Trust your blade.
Steel is unlike Men
It will not lie to you
—Ancient Ükardhi proverb
Musa Em had won a hard-fought peace—one he could not afford to lose for the sake of one man.
If it were any other man, he wouldn’t’ve taken the risk.
Musa Em ruled his caste as its Emperion. He had dealt with years of border skirmishes between himself and the rival Emperion. Before he could even begin peace-talks. Let alone the time-consuming negotiations with the rival castes to form his confederation. Even during negotiations, the rival Emperion needed to vote on the new Emperion of their confederation would be. In the end, they had chosen Duad Ath. Duad the Dreaded, he’d be called while they warred.
Musa Em still remembered Duad’s smile when they chose him. As sharp and curved as his dagger.
This same dagger would soon be at Musa Em’s throat if he was not careful. He had seen the thing that had slinked out of Ath’s expanse late at night during their weeks of negotiations. The beast was massive, such that it had nearly torn the roof clear from the hut’s entrance.
And when he saw the thing lumbering forth, he decided he needed a killer. To his satisfaction, one had come to their newfound confederation scant days ago.
* * *
Musa stole a visit to the man, shrouded in a cloak that blustered in the wind as he stomped through the tall yellow grass. He ran his fingers along the weavings that sealed the killer as came upon the entrance. With a mighty heave, Musa pushed the large stone aside, and moonlight flowed within.
He was upon the stranger. A man from Ükardhi, far south.
They had confiscated his ringmail shirt along with the double-edged sword that reminded Musa of the weapons the milkglass northmen. The prisoner had opened one of Duad Ath’s soldiers from waist to throat when he was caught sneaking into the confederation mere nights ago.
Presently, he was bound hand and foot by a length of iron fetters. When he saw Musa Em, he began to struggle, chains clanking He was a taut brown body of barely-sheathed muscle. Musa watched him struggle until, breathless, he relented and looked up at his captor. The two surveyed each other. His nose was curved sideways. Broken at least thrice, Musa guessed.
They’d let him keep his crimson cloak about his shoulders. Musa shuddered to look into the evil eye stitched onto the thing. Who could say what kind of evil that eye warded off? Who could say if this evil could be turned on others?
Musa hoped this was so. Smiling, he crouched over the prisoner. “Would you like to live, outlander?” Musa asked.
The prisoner grunted, newfound interest unveiling behind his eyes.
“It will cost you.”
The prisoner simply stared.
“I want you to kill a man for me.”
“Duad Ath. The Emperion of our new clan—and his creature.”
If the man was surprised, he did not show it. “I’ll need my blade,” he said. “And my shirt.”
Musa nodded. “It will be done.”
“When will I be free?”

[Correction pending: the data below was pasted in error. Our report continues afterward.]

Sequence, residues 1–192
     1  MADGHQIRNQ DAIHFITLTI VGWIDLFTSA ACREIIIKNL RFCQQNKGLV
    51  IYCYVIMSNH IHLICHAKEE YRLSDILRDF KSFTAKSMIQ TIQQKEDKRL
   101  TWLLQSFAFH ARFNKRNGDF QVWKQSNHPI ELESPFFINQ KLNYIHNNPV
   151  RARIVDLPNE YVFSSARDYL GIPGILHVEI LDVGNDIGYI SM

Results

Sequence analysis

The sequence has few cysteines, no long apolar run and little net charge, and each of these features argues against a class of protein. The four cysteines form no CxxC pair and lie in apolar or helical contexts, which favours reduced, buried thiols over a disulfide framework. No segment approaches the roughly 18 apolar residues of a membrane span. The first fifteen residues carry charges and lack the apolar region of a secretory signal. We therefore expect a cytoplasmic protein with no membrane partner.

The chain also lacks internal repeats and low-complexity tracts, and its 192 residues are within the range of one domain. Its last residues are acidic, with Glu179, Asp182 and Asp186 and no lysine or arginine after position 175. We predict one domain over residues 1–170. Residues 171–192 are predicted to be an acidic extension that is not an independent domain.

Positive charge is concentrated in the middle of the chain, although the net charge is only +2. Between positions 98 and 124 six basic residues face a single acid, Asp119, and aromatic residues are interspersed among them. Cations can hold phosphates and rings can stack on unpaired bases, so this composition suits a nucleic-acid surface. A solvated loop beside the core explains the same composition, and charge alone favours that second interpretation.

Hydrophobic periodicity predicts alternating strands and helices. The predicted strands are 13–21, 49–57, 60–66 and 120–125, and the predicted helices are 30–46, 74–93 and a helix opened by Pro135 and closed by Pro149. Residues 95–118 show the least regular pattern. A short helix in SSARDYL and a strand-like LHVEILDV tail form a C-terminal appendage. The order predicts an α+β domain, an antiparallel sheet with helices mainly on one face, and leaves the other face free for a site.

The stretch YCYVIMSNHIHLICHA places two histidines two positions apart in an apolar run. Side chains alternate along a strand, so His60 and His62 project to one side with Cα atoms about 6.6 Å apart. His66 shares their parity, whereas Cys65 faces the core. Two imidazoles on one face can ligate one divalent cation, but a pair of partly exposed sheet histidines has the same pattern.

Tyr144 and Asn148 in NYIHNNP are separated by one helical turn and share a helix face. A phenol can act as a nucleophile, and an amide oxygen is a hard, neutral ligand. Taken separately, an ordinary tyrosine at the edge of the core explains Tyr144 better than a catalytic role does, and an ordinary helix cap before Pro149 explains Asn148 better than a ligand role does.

“Within the hour. Anyone who can be bribed has been. And those who couldn’t—they were otherwise dealt with.”
“I’ll want my bonds removed now,” the Ükardhian growled. “And I’ll have some food, too. Good food. Not the wretched gruel I’ve been fed these past few days.”
“It will be arranged, outlander.”
“They call me Albarran.”
“It will be arranged.”
* * *
The blade had belonged to Albarran’s father. At times, it had been all that kept them alive in the white-heats upon the southron planes of Ükardhi.
Onde, when Albarran was young, he had found himself on death’s door. He remembered hearing his father praying to Kafmir, Lord of Duals and Duels. The God Kafmir had saved Albarran and woven him a cloak with an eye sewn onto it, sealed shut—it had since then felt welded to him by some primal instinct. Always was he aware of the forces clambering to break its protection.
Albarran stalked through the tall grass that reaching up to his waist, feeling this selfsame force. He pushed it to the back of his mind. He had a debt to repay.
His mail shirt rattled as he crept through the night toward Duad Ath’s hut. He had been told it would be the one with intricate patterns worked into the weavings. Some strange script that the man who saved him could not identify.
Still, all other huts were plain. This one had openings that seemed impractical. Most were crescent openings, with the occasional dash or complete circle, leading into more curves.
This seemed like the correct one.
Albarran stepped inside and saw that the moon filtering through the weaves in the hut had formed some kind of bizarre moon-formed letter, or rune. He’d never seen it’s like before.
He adjusted his cloak about his shoulders and pulled his two-sided blade free from his belt.
He stepped inside.
A lightning bolt flashed behind his eyes and pain seared his forehead. The world around him shattered like so much glass. Then the shattered shards fell into some sort of bright-burning Never beneath him. They fell until they were so small he could not see them falling. But he heard no crash.
He thought he would fall, too, until rock knitted its way between the Never and his feet, threading itself into spires of stone with a patchwork path interrupted by occasional tufts of grass and dirt. Some of it marked the edge of the spire, and he could see it falling like an open sandbag into the Never, yet it did not empty.